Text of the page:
Traumatic Brain Injuries: An Overview
Approximately 1.7 million traumatic brain injuries (TBI) occur in the United States each year. According to the U.S. department of health and human services, TBIS account for 4.8% of all injuries seen in the emergency rooms, subsequently accounting for 15.1% of all hospitalizations. But what exactly is a TBI?
Simply put, a TBI is any external force delivering a jolt, blow or penetration to the skull and/or body, which causes dysfunction of the brain.
Depending on the TBI’s severity, a wide range of symptoms is possible. For instance, milder forms of brain injury can produce headaches, dizziness/loss of balance, feelings of nausea, sensitivity to light or sound, abnormal sleep patterns, mood swings, and feeling depressed or anxious. But, milder TBIs, such as concussions, generally result in full recovery in the hours to weeks after the injury.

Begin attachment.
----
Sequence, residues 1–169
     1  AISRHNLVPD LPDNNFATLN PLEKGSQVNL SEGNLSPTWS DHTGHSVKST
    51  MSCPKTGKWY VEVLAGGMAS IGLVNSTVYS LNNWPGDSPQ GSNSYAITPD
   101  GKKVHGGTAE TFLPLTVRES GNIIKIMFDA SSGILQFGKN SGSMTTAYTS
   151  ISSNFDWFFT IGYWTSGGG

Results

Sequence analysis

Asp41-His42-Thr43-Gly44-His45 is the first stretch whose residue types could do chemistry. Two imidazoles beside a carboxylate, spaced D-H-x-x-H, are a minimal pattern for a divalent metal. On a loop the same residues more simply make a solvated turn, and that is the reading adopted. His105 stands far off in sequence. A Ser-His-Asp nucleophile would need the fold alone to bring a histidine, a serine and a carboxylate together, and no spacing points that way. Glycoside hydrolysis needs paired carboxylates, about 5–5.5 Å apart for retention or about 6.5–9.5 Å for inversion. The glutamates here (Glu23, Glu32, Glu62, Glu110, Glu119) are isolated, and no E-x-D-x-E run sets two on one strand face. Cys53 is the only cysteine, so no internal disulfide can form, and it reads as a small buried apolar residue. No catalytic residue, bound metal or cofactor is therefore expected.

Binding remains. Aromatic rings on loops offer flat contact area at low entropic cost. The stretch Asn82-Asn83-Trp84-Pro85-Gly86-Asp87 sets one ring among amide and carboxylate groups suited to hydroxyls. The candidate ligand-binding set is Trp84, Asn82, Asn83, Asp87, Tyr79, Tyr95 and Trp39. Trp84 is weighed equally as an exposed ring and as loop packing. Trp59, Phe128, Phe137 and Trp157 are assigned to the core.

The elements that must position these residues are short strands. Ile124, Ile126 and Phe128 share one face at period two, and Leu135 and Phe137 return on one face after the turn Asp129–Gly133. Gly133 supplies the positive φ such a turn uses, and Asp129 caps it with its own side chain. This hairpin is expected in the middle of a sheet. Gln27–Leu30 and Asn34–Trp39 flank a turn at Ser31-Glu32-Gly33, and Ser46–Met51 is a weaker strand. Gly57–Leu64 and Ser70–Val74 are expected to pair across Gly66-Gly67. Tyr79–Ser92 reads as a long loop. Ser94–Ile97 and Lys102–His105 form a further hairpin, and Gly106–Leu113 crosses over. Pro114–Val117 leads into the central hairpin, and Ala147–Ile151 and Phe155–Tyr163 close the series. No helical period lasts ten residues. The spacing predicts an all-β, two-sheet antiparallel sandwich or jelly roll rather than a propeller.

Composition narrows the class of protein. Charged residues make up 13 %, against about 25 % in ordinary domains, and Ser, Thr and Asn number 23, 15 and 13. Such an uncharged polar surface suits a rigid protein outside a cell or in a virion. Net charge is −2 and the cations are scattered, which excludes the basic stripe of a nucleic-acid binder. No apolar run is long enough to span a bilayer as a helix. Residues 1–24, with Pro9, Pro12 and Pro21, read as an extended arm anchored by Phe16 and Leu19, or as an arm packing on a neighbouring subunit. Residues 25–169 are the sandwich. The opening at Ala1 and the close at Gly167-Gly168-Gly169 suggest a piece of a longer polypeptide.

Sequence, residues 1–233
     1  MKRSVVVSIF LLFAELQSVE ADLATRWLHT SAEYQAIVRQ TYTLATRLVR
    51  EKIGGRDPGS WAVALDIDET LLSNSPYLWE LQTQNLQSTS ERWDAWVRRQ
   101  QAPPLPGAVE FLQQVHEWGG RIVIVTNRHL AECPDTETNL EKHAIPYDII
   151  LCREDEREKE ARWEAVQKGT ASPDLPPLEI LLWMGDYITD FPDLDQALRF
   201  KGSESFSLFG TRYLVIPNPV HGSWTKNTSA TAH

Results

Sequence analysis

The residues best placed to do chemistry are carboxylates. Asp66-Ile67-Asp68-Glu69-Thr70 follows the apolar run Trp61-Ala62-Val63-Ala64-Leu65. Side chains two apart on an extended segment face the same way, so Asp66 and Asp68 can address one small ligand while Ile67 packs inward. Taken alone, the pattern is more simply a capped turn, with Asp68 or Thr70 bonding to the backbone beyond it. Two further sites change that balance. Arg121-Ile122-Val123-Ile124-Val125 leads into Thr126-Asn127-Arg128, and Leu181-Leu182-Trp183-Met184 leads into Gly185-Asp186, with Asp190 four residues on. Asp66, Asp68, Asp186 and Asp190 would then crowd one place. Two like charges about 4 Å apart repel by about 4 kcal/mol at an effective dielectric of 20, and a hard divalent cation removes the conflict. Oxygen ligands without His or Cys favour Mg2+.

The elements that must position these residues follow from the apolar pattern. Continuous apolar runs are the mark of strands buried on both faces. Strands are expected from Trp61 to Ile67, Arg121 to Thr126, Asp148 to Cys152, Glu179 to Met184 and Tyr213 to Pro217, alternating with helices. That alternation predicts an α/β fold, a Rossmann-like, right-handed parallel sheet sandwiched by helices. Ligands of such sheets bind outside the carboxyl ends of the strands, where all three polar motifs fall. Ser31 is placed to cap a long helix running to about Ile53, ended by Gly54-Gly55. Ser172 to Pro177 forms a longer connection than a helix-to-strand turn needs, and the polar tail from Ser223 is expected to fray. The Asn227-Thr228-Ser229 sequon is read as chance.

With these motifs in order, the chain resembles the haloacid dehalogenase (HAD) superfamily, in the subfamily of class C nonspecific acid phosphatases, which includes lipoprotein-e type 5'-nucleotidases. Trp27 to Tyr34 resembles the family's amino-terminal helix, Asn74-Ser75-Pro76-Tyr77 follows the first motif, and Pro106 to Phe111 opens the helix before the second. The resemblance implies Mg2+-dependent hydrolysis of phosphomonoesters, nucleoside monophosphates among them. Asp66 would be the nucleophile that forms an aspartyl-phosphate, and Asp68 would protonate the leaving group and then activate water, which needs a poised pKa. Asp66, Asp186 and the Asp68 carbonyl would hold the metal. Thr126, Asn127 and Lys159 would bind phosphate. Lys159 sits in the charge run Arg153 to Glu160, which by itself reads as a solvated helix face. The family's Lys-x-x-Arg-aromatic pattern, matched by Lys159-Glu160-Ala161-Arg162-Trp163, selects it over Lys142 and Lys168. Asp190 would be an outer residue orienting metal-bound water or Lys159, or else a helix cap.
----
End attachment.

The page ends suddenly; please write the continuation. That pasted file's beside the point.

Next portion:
Unlike their mild counterparts, moderate or severe TBIs can cause more debilitating, sometimes permanent, symptoms. These symptoms depend on what part of the brain was injured, and how severe the injury was. These symptoms can include profound confusion, agitation, slurred speech, inability to awaken from sleep, weakness or numbness in fingers and toes, loss of coordination, persistent headache or headache that worsens, recurrent nausea, convulsions, dilation of one or both pupils, and/or clear fluids draining from the nose or ears.
If you think you’ve suffered a TBI, it’s important to seek prompt medical attention.